i dont have any data to add to the thread, but try and pm mttytee, he used to work on 5th element working on the dynos.

why do you want to use a motor? i think this would just complicate things. why not just a hydraulic piston? it makes things a lot easier, then you can measure the pressure and hence the force directly from the oil pressure and the shaft speed would be easy from then on.

only down side is that it may not work cyclically as well as a motor, but i am sure you would still be able to get the shox pretty hot.

you can look into finding some old aircraft hydraulic systems. the way they are controlled the controller knows the exact position of the piston, and the speed. all the date you need really. as for writing the programming interface, i cant help you there. but i am sure it wont involve that complicated programming, its basically C++ programming. i am sure you can find some computer guys to help you out there.
 

djamgils

Monkey
Aug 31, 2007
349
0
Holland
I have a air compressor at home so now I am thinking about copying the http://www.shockdyno.com/howitworks.html .
I want to use 2 cilinders with a pressure regulator and a manual valve. So I can create a certain pressure and then open the valve. Because of the air tank volume the pressure wont drop too much. And I measure the time needed to travel from 15mm to 45mm so I dont have start and stop irregularities. The measuring of time wil be done by a mechanicaly actuated stopwatch.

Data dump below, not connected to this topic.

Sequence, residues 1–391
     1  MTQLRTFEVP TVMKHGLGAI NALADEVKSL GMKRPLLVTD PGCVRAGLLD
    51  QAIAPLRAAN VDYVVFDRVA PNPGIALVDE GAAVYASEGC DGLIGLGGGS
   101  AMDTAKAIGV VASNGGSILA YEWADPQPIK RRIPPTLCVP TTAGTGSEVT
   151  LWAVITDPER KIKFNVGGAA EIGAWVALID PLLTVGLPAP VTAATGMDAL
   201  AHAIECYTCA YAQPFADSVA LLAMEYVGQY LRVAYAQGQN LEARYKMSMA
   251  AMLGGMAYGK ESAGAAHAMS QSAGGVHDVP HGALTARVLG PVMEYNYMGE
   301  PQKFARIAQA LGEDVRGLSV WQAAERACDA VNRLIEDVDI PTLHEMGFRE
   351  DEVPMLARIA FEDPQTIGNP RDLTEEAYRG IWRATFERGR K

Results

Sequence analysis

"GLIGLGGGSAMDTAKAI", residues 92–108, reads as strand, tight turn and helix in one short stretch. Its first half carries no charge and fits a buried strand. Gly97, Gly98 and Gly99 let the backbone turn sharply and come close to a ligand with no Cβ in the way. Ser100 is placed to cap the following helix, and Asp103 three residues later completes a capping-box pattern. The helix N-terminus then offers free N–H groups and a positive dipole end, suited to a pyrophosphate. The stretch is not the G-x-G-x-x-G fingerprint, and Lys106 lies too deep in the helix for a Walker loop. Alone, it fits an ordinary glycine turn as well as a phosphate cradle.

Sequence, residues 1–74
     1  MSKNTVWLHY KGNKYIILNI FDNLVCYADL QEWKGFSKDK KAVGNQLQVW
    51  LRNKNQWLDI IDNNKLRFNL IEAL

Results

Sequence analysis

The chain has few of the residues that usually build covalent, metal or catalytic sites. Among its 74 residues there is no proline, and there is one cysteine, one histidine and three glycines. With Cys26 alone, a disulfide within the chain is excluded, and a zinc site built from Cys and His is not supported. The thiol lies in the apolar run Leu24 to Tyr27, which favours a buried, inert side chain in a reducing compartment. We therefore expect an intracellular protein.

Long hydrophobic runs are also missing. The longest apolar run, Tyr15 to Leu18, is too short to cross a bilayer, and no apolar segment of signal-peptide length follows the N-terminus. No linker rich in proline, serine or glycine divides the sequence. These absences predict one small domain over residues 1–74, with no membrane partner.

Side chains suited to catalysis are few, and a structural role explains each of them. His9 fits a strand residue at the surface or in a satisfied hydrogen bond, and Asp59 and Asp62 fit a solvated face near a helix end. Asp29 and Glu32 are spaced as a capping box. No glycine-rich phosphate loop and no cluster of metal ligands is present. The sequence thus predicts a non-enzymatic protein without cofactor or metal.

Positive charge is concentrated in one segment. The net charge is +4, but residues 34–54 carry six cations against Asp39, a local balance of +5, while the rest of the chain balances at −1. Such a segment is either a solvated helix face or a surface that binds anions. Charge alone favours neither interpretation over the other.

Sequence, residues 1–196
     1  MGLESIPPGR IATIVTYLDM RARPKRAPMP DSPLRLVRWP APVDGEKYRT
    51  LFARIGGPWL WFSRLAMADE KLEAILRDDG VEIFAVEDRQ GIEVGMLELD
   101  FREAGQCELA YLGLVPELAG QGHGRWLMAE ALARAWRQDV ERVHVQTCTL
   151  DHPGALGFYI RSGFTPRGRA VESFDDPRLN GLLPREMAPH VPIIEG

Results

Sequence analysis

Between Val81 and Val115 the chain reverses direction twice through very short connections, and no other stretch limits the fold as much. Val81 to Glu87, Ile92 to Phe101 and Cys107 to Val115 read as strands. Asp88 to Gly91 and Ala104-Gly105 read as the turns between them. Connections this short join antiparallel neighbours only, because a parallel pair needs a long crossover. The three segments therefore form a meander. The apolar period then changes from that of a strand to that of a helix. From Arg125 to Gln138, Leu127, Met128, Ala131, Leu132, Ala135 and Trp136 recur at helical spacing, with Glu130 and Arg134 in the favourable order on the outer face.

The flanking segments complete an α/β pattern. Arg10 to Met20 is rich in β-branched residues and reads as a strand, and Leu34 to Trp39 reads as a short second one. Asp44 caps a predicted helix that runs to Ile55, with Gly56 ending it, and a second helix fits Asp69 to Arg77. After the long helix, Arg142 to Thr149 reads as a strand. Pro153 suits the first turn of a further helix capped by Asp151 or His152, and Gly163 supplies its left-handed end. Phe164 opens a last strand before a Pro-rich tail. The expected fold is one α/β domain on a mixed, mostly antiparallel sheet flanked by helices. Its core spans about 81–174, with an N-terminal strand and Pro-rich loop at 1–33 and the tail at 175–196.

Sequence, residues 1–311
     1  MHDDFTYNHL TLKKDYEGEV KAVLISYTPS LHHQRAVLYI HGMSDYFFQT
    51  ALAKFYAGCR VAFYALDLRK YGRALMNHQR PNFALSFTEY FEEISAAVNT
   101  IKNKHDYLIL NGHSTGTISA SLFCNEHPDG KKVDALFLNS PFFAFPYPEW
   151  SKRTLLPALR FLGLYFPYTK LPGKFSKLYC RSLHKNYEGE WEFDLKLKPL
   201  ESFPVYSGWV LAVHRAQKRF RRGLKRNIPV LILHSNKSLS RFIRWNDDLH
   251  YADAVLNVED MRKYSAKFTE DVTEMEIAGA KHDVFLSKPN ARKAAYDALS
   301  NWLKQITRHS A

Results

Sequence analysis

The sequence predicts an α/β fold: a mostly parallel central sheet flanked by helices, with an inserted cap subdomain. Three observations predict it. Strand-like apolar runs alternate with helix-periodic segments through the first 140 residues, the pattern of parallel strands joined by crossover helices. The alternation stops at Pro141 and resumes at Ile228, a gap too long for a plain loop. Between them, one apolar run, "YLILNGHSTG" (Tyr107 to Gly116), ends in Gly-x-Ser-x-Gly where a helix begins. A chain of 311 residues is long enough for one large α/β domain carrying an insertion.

Just have to find out where I can buy 2 cilinders for not too much money.
 

dhkid

Turbo Monkey
Mar 10, 2005
3,359
0
Malaysia
the problem with the one you are thinking about now it that the shox will have to speed up from zero to a velocity. (sorta like terminal velocity. until the force=the drag) and i dont think that would give very good readings or data.

it doesn't help that shoxs like the dhx are both position sensitive and speed sensitive. you also wont be able to test a 5th element that way since its only position sensitive.

you could however produce a force-displacement graph with the 5th element by slowly increasing the air pressure and taking measurements of the displacement.
 

djamgils

Monkey
Aug 31, 2007
349
0
Holland